New World Pond Turtles: Emydidae
Eastern Box Turtle (terrapene Carolina): Species Accounts
Physical characteristics: The eastern box turtle is a small- to medium-sized turtle with a rounded upper shell. The adult's lower shell has two hinges. When the turtle is frightened, it can pull its head, legs, and tail into the shell and use the hinges to close up the lower shell. The carapace is black with a pattern of short yellow stripes. Males have red eyes, a longer and thicker tail than that of the females, and a lower shell that is indented rather than flat. Females are larger than males and have carapaces that can reach 9 inches (23 centimeters) in length.
Geographic range: Theses turtles live in the United States and Mexico.
Habitat: This species lives in much of the eastern half of the United States and parts of Mexico near the Gulf of Mexico. It is a land turtle that roams forests and fields.
Diet: Eastern box turtles eat a variety of plants and animals, including grasses, flowers, and berries as well as insects and earthworms.
Behavior and reproduction: These turtles live on land, so they cannot swim away from danger, and they are not fast runners. To protect themselves against predators (PREH-duh-ters), or animals that might want to eat them, the adults tuck their legs, tails, and heads inside their shells and use the hinges in the upper shells to close up tight. Predators cannot get through the sealed shell. Young turtles, however, do not have hinges. Instead, they release a strong odor that persuades predators to leave them alone. Like other members of this family, eastern box turtles sunbathe to warm up. When the day gets too hot, they hide just barely underground. In the winter months these turtles bury themselves beneath a pile of leaves or just under the soil and wait until spring. Sometimes, if the winter becomes particularly cold for a few days, a turtle will freeze, and its heart will stop beating, but they do not die.
Males and females mate in the spring. The male attracts the female by biting at her shell and sometimes her head and bumping into her. Females lay their eggs from spring to midsummer, sometimes making five nests a year, though most of them make just one or two. The female lays one to eleven eggs in each nest, and the eggs hatch in about two and a half months. The nest temperature controls the number of males and females in each nest. A warmer nest produces all females, and a cooler nest produces all males.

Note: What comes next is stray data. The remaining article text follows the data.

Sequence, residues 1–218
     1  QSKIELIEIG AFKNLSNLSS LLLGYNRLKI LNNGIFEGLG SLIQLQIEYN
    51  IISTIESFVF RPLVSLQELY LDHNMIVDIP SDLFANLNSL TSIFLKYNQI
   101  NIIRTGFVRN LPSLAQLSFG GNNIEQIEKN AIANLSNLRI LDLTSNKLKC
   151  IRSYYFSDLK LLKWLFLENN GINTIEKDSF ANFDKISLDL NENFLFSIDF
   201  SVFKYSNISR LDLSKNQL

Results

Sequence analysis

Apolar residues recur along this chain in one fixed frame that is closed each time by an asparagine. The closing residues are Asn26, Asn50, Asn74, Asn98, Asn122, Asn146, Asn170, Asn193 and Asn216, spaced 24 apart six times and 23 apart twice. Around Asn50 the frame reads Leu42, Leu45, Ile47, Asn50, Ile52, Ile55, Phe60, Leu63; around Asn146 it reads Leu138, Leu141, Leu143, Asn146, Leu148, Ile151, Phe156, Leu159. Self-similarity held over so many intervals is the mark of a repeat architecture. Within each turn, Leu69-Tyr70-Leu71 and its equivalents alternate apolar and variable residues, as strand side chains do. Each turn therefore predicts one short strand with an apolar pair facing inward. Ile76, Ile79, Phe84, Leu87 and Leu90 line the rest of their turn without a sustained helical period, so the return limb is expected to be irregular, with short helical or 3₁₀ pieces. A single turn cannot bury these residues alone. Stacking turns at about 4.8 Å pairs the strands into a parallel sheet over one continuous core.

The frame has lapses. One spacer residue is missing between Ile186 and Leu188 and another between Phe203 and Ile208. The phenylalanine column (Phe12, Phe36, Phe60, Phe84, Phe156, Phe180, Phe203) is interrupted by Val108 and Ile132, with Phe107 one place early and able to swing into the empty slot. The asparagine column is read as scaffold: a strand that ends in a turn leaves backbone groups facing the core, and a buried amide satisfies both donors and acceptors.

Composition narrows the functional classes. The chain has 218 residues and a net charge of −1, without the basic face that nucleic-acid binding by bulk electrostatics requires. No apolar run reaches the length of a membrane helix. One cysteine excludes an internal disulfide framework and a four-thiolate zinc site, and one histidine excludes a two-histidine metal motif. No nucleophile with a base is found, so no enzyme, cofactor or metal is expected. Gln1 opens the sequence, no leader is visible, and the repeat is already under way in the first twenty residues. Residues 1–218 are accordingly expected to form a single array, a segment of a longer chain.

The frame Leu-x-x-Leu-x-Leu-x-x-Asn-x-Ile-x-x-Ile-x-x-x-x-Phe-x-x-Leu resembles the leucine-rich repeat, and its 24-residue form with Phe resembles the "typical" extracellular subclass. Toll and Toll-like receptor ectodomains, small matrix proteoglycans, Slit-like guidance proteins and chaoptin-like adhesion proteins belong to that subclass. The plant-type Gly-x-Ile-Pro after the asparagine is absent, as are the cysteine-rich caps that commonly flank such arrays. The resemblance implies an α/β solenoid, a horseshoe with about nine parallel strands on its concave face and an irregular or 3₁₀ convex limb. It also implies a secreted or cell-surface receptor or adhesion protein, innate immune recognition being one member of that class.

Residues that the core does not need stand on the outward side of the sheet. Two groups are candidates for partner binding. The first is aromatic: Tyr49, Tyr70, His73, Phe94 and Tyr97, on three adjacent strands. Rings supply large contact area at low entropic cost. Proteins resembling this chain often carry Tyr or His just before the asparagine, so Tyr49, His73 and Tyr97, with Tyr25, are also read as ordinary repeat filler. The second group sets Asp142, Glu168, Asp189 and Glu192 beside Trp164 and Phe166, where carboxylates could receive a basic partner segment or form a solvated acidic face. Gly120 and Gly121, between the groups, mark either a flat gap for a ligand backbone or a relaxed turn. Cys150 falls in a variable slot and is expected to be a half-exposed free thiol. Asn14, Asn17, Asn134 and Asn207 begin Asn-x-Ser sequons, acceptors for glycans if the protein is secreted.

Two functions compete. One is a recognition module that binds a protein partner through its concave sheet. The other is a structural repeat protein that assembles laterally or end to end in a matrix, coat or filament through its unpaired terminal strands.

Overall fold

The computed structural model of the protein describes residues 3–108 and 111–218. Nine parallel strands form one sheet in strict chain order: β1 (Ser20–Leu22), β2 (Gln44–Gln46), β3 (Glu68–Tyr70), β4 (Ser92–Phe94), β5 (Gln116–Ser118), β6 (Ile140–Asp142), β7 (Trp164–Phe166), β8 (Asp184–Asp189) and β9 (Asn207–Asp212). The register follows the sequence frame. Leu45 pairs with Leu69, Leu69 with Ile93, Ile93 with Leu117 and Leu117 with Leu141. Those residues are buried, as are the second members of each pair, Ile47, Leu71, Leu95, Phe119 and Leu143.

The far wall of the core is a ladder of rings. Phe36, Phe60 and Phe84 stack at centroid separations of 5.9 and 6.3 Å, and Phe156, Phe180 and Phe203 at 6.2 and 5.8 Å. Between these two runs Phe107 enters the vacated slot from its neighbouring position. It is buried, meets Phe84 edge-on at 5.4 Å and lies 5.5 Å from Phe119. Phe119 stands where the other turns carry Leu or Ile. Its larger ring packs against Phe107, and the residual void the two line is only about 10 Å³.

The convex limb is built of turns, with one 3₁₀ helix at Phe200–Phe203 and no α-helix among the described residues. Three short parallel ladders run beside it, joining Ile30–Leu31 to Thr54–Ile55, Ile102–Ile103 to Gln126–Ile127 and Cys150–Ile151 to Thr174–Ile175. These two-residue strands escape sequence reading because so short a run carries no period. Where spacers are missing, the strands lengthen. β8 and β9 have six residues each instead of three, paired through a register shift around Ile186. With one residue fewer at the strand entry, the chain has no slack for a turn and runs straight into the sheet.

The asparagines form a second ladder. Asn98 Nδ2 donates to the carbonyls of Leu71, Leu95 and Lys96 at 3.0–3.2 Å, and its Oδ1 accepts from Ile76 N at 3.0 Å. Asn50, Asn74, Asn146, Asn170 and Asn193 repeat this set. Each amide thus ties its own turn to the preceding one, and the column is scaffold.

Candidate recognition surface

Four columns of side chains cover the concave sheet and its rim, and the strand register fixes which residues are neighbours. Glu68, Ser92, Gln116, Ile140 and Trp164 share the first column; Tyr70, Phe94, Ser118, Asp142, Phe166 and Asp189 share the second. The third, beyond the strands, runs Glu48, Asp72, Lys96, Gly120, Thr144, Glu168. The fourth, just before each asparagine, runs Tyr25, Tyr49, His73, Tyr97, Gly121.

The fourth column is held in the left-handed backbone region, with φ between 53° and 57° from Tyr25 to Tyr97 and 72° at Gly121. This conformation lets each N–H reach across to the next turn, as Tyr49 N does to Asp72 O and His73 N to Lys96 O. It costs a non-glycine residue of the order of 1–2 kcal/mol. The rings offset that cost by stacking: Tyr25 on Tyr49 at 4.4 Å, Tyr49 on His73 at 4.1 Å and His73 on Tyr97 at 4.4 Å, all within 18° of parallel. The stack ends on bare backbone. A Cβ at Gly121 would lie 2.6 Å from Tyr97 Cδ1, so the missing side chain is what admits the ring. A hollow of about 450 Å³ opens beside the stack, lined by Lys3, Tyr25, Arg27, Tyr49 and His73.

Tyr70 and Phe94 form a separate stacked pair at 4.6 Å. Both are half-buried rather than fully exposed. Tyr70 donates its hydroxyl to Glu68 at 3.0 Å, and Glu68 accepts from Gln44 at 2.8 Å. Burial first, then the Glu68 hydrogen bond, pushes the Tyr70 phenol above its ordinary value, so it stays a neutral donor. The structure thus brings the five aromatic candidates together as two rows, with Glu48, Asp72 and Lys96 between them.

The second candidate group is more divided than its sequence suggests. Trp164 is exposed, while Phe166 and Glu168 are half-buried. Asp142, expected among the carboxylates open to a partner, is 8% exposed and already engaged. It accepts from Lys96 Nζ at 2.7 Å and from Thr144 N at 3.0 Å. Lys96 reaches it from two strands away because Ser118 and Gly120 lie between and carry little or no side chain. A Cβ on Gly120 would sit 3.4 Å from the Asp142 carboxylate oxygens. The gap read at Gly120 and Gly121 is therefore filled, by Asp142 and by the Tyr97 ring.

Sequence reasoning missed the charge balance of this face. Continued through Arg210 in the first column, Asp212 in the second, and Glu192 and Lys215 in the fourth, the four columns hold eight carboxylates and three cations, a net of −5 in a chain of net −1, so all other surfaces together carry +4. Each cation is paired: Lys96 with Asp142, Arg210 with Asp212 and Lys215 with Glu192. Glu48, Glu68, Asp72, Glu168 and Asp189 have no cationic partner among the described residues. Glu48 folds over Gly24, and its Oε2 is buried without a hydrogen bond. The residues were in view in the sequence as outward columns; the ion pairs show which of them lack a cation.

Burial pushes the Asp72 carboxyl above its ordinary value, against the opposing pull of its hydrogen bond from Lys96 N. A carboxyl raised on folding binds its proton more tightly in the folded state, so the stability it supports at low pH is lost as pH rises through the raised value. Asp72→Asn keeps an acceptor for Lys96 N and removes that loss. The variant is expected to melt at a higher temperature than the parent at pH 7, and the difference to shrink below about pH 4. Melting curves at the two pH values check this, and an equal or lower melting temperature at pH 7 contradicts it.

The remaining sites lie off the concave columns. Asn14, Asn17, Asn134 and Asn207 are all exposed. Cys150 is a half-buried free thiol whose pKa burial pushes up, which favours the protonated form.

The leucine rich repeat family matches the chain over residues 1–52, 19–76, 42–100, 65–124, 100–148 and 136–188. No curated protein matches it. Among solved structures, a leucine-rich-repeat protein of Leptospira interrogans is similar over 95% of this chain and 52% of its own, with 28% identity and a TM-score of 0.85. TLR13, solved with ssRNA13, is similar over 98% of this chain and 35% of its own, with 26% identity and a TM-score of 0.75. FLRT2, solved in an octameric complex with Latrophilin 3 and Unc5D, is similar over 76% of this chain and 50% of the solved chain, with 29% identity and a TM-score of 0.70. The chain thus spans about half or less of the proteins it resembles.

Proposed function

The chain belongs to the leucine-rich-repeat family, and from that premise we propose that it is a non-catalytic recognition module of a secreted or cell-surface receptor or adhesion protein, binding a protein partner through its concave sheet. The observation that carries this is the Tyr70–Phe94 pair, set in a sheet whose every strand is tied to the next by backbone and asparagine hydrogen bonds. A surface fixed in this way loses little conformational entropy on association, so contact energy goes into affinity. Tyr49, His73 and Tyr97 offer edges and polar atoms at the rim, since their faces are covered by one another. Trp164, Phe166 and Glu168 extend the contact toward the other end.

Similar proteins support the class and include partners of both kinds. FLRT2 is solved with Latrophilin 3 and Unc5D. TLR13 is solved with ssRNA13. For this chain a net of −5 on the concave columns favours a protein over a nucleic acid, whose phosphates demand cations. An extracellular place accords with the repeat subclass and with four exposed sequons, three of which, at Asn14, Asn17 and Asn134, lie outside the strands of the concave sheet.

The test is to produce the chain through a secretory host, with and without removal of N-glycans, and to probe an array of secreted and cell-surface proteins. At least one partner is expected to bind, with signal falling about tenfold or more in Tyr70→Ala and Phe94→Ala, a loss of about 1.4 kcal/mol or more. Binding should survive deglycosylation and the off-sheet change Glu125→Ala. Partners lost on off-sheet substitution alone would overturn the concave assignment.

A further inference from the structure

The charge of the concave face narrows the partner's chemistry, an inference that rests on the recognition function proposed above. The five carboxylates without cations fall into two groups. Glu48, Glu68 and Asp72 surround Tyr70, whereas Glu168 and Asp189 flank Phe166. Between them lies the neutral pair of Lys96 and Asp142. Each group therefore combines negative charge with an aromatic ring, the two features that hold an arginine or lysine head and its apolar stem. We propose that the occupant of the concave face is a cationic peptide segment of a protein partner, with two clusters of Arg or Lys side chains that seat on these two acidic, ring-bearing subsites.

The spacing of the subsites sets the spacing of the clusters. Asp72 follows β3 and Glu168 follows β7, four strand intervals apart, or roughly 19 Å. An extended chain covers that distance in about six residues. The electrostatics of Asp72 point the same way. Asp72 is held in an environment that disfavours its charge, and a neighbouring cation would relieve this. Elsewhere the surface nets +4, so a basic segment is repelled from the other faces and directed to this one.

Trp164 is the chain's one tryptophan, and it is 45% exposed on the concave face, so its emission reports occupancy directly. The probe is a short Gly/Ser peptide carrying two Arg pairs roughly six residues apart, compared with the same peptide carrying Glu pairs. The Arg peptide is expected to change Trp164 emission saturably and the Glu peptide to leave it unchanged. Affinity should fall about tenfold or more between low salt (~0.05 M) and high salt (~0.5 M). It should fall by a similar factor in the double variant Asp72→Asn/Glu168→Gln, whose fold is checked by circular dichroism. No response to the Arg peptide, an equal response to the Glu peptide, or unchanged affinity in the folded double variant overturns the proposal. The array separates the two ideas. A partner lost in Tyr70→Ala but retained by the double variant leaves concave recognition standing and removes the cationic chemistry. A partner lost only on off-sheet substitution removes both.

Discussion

Eastern box turtles and people: This turtle is popular in the pet trade because of its size and friendly behavior. People rarely see them live in the wild, except when the turtles attempt to cross a road—an activity that too often results in death from a passing car.
Conservation status: According to the IUCN the eastern box turtle is Near Threatened, meaning that it is at risk of becoming threatened with extinction in the future. Habitat loss has caused some of the drop in turtle numbers. ∎
FOR MORE INFORMATION
Behler, John L., and F. Wayne King. The Audubon Society Field Guide to North American Reptiles and Amphibians. New York: Knopf, 1979.
Burnie, David, and Don E. Wilson, eds. Animal: The Definitive Visual Guide to the World's Wildlife. London: Dorling Kindersley, 2001.
Conant, Roger, and Joseph T. Collins. A Field Guide to Reptiles and Amphibians: Eastern and Central North America. Boston: Houghton Mifflin, 1998.
Dodd, C. Kenneth, Jr. North American Box Turtles: A Natural History. Norman: University of Oklahoma Press, 2001.
Gibbons, J. Whitfield. Life History and Ecology of the Slider Turtle. Washington, DC: Smithsonian Institution Press, 1990.
Harding, J. H. Amphibians and Reptiles of the Great Lakes Region. Ann Arbor: University of Michigan Press, 1997.
Harding, J. H., and J. A. Holman. Michigan Turtles and Lizards. East Lansing: Michigan State University, 1990.
Stebbins, Robert C. A Field Guide to Western Reptiles and Amphibians. Boston: Houghton Mifflin, 2003.
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